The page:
Land surface phenology and greenness in Alpine grasslands driven by seasonal snow and meteorological factors

Sci Total Environ. 2020 Jul 10;725:138380. doi: 10.1016/j.scitotenv.2020.138380. Epub 2020 Apr 4.


Snow accumulation and melt have multiple impacts on Land Surface Phenology (LSP) and greenness in Alpine grasslands. Our understanding of these impacts and their interactions with meteorological factors are still limited. In this study, we investigate this topic by analyzing LSP dynamics together with potential drivers, using satellite imagery and other data sources. LSP (start and end of season) and greenness metrics were extracted from time series of vegetation and leaf area index. As explanatory variables we used snow accumulation, snow cover melt date and meteorological factors. We tested for inter-annual co-variation of LSP and greenness metrics with seasonal snow and meteorological metrics across elevations and for four sub-regions of natural grasslands in the Swiss Alps over the period 2003-2014. We found strong positive correlations of snow cover melt date and snow accumulation with the start of season, especially at higher elevation. Autumn temperature was found to be important at the end of season below 2000 m above sea level (m asl), while autumn precipitation was relevant above 2000 m asl, indicating climatic growth limiting factors to be elevation dependent. The effects of snow and meteorological factors on greenness revealed that this metric tends to be influenced by temperatures at high elevations, and by snow melt date at low elevations. Given the high sensitivity of alpine grassland ecosystems, these results suggest that alpine grasslands may be particularly affected by future changes in seasonal snow, to varying degree depending on elevation.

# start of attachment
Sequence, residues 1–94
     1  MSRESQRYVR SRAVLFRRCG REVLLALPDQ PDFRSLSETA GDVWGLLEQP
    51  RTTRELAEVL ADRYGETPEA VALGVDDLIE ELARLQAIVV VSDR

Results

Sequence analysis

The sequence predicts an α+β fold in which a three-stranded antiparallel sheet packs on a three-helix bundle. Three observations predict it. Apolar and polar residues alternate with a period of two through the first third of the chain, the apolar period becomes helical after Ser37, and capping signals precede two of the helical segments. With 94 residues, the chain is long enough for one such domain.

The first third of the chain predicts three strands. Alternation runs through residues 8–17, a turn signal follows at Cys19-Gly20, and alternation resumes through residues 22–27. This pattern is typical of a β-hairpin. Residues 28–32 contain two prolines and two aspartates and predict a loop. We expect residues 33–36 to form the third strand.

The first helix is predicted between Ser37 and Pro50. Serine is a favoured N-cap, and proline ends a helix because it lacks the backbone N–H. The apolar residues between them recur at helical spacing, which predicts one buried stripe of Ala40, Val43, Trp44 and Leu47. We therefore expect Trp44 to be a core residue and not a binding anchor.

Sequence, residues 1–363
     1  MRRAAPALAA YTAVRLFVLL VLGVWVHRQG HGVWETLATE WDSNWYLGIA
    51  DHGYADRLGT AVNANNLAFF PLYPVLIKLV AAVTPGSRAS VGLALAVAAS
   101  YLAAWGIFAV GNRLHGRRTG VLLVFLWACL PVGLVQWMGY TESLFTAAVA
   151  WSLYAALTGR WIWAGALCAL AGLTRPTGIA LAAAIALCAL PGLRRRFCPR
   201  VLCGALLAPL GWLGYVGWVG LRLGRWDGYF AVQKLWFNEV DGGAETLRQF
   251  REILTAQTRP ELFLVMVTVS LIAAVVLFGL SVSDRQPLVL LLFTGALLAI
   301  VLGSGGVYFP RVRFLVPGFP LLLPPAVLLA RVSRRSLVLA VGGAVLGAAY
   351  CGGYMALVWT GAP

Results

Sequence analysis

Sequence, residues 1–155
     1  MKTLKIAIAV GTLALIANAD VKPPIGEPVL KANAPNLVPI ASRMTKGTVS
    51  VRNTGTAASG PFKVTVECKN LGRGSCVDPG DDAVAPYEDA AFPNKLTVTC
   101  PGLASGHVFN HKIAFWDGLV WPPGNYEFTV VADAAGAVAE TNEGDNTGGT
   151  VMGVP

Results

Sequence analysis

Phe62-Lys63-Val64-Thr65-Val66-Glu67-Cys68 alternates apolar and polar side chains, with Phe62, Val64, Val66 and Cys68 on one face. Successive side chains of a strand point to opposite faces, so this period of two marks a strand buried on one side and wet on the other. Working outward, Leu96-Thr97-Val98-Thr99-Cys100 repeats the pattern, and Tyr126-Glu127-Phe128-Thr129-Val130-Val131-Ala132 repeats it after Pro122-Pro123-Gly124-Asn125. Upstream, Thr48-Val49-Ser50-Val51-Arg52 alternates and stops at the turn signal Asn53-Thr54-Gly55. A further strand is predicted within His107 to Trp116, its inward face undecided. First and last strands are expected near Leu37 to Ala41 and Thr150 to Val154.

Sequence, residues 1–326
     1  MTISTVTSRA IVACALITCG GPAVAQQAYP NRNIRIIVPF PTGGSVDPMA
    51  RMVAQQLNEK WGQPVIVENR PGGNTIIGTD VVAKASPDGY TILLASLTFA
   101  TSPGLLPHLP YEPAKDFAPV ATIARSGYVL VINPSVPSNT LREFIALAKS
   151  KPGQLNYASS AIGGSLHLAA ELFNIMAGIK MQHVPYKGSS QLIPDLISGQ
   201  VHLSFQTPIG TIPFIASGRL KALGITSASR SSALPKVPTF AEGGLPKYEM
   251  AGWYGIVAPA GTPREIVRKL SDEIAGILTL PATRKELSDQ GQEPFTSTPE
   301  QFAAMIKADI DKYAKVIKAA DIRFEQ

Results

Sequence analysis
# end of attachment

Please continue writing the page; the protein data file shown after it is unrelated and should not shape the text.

Keywords: Alpine grasslands; Land surface phenology; Meteorological drivers; Snow cover melt; Snow water equivalent; Swiss Alps.